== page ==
Updated: 2014-01-21 11:22
Zhang Zhihe, chief of the Chengdu Research Base of Giant Panda Breeding, says the rapid contraction of pandas' habitat is mainly due to human encroachment. Photo Provided to China Daily
At the Chengdu Research Base of Giant Panda Breeding, home to 118 captive pandas, many visitors get a sense that China has many pandas. So, they ask, how can we say they are an endangered species?
Major advancements in breeding techniques have secured the captive panda population. However, much greater effort is needed to preserve them in the wild as they remain extremely vulnerable to human intrusion into their native habitat, according to the new book Giant Pandas: Born Survivors published by the Penguin Group (Australia) in association with Penguin (China).
Co-authored by Zhang Zhihe, chief of the base in Southwest China's Sichuan province, and Sarah Bexell, director of conservation education and a research scholar at the Institute for Human-Animal Connection at the University of Denver in the United States, the book answers many questions about one of the world's most beloved - yet misunderstood - species, the giant panda.
Many who visit zoos think giant pandas are lazy, clumsy, have poor survival skills and are not good breeders. The book says this is based on observation of captive animals that do not need to forage for their food, the main activity of wild pandas which are active more than half the time, an average of 14.2 hours a day.
They are highly adept at negotiating their natural habitat and not clumsy at all. Their legs are stout and powerful with stronger fore legs than hind legs.
They walk with their toes turned in, giving them a clumsy appearance, but their sturdy legs allow them to move silently and with remarkable ease over precipitous terrain and through dense bamboo growth, in which humans are extremely clumsy.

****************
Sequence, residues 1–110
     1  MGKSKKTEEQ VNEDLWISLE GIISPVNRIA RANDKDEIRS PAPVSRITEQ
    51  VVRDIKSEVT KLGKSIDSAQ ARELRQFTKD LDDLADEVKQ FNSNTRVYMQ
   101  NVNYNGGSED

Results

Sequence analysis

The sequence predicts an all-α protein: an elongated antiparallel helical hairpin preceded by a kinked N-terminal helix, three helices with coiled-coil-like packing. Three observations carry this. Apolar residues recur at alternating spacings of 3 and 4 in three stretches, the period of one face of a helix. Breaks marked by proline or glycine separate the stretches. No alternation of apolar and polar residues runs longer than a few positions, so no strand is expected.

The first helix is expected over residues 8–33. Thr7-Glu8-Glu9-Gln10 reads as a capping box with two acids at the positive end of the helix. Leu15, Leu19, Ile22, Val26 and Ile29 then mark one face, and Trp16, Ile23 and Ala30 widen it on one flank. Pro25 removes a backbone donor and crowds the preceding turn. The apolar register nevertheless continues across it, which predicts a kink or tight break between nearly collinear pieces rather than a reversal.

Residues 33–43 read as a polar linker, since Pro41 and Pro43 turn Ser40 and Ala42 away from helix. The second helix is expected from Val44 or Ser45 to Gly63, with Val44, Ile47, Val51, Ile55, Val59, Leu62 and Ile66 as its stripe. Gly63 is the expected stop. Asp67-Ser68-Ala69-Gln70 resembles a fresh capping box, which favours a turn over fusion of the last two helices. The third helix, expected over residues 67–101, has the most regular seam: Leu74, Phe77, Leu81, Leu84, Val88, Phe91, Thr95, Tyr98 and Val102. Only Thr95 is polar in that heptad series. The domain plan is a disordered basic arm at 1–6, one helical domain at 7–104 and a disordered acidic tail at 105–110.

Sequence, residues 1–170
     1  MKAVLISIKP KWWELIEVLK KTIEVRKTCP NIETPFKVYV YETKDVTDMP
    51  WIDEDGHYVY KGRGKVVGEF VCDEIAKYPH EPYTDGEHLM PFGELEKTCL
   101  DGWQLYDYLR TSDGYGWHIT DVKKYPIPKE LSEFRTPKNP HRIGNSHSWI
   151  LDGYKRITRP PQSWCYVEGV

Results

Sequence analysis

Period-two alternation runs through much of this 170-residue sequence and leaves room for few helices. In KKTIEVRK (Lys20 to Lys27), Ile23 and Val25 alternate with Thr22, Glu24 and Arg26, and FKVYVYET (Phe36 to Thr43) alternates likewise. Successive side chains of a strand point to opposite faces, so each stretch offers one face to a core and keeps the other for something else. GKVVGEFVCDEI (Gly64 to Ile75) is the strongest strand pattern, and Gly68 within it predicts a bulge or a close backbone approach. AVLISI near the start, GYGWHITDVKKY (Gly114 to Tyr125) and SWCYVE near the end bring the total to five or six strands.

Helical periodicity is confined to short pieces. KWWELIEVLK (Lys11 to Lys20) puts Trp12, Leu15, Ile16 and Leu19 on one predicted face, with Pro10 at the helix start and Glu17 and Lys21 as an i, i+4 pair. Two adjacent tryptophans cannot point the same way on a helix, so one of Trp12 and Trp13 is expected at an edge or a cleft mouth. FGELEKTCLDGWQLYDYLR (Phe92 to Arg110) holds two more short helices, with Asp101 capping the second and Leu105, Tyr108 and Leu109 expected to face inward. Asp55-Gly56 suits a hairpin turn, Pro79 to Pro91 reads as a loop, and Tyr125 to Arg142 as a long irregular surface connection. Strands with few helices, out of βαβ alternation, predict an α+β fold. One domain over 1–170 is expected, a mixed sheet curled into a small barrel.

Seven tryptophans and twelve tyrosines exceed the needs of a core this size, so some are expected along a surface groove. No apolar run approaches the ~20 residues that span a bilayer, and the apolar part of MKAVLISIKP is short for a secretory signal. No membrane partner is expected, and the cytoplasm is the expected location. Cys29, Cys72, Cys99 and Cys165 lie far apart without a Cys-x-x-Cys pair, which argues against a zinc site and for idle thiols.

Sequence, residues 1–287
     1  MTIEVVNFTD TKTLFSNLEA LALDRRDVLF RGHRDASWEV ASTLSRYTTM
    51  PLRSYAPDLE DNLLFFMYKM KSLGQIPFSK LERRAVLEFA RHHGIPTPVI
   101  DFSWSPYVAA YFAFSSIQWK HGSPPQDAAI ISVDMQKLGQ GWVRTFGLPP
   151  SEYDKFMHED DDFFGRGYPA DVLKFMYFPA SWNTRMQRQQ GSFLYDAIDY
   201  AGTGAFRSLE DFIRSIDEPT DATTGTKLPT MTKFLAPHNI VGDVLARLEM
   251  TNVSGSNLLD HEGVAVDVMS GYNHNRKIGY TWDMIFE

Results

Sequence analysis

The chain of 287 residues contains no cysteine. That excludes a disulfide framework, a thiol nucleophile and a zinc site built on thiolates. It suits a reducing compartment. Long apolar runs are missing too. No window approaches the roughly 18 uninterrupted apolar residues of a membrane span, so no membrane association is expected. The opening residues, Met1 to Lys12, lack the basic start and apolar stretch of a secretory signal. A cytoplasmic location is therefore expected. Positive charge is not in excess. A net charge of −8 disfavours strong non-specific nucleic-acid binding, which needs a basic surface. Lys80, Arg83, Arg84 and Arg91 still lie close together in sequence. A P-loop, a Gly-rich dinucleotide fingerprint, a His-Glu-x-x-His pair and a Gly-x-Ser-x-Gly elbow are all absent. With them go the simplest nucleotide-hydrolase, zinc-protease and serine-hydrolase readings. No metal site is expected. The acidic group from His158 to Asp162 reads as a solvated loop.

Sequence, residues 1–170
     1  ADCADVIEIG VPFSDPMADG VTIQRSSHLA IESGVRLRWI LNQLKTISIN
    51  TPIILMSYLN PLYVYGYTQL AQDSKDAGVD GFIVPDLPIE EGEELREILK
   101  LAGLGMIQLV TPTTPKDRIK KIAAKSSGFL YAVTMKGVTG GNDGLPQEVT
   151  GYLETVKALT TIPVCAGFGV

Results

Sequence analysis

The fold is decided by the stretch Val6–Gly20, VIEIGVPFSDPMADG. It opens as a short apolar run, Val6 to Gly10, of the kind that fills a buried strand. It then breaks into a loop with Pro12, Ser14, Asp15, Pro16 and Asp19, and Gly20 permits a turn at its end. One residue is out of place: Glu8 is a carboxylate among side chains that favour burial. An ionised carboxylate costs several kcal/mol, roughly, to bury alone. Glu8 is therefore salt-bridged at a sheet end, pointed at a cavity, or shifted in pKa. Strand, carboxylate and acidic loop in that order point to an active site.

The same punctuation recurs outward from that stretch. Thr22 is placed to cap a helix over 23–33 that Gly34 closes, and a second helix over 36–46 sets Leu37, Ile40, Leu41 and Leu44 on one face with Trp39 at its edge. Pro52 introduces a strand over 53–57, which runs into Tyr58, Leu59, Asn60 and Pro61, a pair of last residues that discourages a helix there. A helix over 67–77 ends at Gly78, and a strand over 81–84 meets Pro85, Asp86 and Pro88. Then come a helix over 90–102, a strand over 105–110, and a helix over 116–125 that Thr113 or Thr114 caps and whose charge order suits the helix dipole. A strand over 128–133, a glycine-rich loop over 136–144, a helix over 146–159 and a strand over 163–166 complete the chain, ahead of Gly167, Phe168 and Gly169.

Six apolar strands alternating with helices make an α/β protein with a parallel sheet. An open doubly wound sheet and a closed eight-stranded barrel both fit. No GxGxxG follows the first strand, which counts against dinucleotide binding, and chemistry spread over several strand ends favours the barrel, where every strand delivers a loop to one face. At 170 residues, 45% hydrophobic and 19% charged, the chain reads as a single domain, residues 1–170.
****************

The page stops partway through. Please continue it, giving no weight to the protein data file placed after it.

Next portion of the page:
Zhang and Bexell think pandas would do well if their habitat had not been decimated by humans. They say pandas are extremely adept breeders when left alone in their natural environment.
"The panda's penis size is often mentioned as a factor in unsuccessful breeding. Like many animals, pandas have diminutive penises, but size is not important for reproduction. What matters is the male's anatomy fits with that of the female and they live species-typical lives in order to learn proper mating rituals and methods. You might be interested to know they are endowed with sizeable testicles," Zhang says.
Jean Pierre Armand David, a French priest, was the first Western explorer to discover and document the giant panda in 1869. He was a famous naturalist for the Musee d'Histoire Naturelle in Paris.
During the 20 years he lived in China, he named and introduced 68 new bird species to the West, as well as over 100 insects and other mammals. He sent a panda specimen back to the museum's Henri Milne Edwards, who in 1870 published a paper declaring the panda a new species.
Giant pandas once enjoyed a very large range and their fossils were first unearthed in Myanmar in 1915 and in China in the early 1920s.